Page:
Plutella xylostella Bioassay--Dilutions of a spray-oh-led powder of B.t. PS158C2 were incorporated in the diet, and third instar larvae were used. Mortality was read at 6 days. Rates greater than 300 μg powder per gram diet gave over 90% mortality.
TABLE 1______________________________________Comparison of B.t. PS158C2 with other lepidopteran-active strains Apparent protein sizeStrain (SDS-PAGE) Activity______________________________________B.t. var. kurstaki 130, 60 kDa LepidopteraB.t. var. aizawai 138, 130 kDa LepidopteraB.t. PS158C2 47, 37, 34, 32 kDa Lepidoptera______________________________________
It should be noted that the genes of the subject invention encode toxins of approximately 130 kDa. The appearance of smaller proteins upon SDS-PAGE analysis is apparently due to the breakdown of the larger toxins.
B. thuringiensis PS158C2, NRRL B-18872, and mutants thereof, can be cultured using standard known media and fermentation techniques. Upon completion of the fermentation cycle, the bacteria can be harvested by first separating the B.t. spores and crystals from the fermentation broth by means well known in the art. The recovered B.t. spores and crystals can be formulated into a wettable powder, a liquid concentrate, granules or other formulations by the addition of surfactants, dispersants, inert carriers and other components to facilitate handling and application for particular target pests. The formulation and application procedures are all well known in the art and are used with commercial strains of B. thuringiensis (HD-1) active against Lepidoptera, e.g., caterpillars. B.t. PS158C2, and mutants thereof, can be used to control lepidopteran pests.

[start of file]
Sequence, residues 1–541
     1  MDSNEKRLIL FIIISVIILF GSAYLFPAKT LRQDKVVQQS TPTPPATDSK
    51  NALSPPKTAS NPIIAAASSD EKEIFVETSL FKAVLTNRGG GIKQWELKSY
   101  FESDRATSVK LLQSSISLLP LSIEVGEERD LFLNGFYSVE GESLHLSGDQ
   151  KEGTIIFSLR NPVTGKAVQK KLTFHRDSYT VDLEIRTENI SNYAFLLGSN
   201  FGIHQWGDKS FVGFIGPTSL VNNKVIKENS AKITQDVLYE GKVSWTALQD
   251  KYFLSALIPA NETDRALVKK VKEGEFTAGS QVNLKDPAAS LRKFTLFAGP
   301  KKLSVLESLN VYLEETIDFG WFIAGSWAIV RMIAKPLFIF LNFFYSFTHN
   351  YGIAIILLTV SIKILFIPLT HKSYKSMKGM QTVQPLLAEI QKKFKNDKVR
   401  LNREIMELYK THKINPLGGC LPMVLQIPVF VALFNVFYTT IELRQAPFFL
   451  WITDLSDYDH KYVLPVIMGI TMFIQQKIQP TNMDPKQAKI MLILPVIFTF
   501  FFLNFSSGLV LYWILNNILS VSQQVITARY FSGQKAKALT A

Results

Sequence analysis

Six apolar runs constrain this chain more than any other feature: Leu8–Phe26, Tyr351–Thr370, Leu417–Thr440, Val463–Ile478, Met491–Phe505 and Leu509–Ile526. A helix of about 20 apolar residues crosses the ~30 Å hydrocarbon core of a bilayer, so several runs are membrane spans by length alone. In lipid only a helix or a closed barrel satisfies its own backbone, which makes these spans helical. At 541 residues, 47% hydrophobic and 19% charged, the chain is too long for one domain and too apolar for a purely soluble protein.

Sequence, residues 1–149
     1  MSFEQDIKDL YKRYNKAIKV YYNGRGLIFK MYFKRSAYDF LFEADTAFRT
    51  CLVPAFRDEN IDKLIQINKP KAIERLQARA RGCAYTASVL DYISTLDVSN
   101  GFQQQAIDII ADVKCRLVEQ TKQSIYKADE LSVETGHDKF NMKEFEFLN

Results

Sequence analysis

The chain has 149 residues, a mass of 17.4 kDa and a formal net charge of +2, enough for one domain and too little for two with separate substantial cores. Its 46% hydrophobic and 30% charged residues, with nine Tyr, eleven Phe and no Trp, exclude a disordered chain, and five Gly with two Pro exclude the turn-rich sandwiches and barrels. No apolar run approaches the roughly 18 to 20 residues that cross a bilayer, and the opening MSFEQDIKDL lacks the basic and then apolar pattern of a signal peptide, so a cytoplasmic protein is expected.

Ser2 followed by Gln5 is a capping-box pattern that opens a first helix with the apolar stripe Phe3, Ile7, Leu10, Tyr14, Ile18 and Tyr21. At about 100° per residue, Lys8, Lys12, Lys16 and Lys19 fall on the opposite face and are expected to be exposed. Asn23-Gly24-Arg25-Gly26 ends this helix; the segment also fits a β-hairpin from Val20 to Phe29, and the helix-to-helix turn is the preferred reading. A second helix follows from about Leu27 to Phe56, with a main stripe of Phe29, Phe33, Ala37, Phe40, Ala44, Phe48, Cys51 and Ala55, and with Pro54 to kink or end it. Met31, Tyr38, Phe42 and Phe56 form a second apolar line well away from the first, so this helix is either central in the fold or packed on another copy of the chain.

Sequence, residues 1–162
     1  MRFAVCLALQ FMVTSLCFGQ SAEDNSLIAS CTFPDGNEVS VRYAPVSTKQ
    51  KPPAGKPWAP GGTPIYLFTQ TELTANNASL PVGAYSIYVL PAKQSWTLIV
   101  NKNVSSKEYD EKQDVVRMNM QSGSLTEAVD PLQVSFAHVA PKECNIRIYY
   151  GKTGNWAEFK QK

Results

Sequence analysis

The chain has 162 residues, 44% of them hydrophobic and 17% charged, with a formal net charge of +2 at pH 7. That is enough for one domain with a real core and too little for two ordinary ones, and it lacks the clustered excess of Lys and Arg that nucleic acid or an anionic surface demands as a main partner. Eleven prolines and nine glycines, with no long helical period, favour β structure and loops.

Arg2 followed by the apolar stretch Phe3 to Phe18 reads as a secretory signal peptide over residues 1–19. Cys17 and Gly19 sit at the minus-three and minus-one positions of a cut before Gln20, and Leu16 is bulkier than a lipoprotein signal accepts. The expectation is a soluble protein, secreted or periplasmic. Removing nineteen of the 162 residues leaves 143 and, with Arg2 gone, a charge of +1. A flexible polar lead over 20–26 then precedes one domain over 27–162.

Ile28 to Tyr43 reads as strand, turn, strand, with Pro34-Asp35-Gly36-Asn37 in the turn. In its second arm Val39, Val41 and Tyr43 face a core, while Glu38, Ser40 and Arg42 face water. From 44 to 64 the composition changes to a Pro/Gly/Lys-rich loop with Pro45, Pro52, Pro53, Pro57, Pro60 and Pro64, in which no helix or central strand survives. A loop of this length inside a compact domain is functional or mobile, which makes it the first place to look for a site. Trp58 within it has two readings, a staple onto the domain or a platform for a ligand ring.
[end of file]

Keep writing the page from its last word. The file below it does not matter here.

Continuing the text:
A subculture of B.t. PS 158C2 was deposited in the permanent collection of the Northern Research Laboratory, U.S. Department of Agriculture, Peoria, Ill., USA on Aug. 27, 1991 and was assigned the accession amber NRRL B-18872.
The subject culture has been deposited under conditions that assure that access to the culture will be available during the pendency of this patent application to one determined by the Commissioner of Patents and Trademarks to be entitled thereto under 37 CFR 1.14 and 35 USC 122. The deposit is available as required by foreign patent laws in countries wherein counterparts of the subject application, or its progeny, are filed. However, it should be understood that the availability of a deposit does not constitute a license to practice the subject invention in derogation of patent rights granted by governmental action.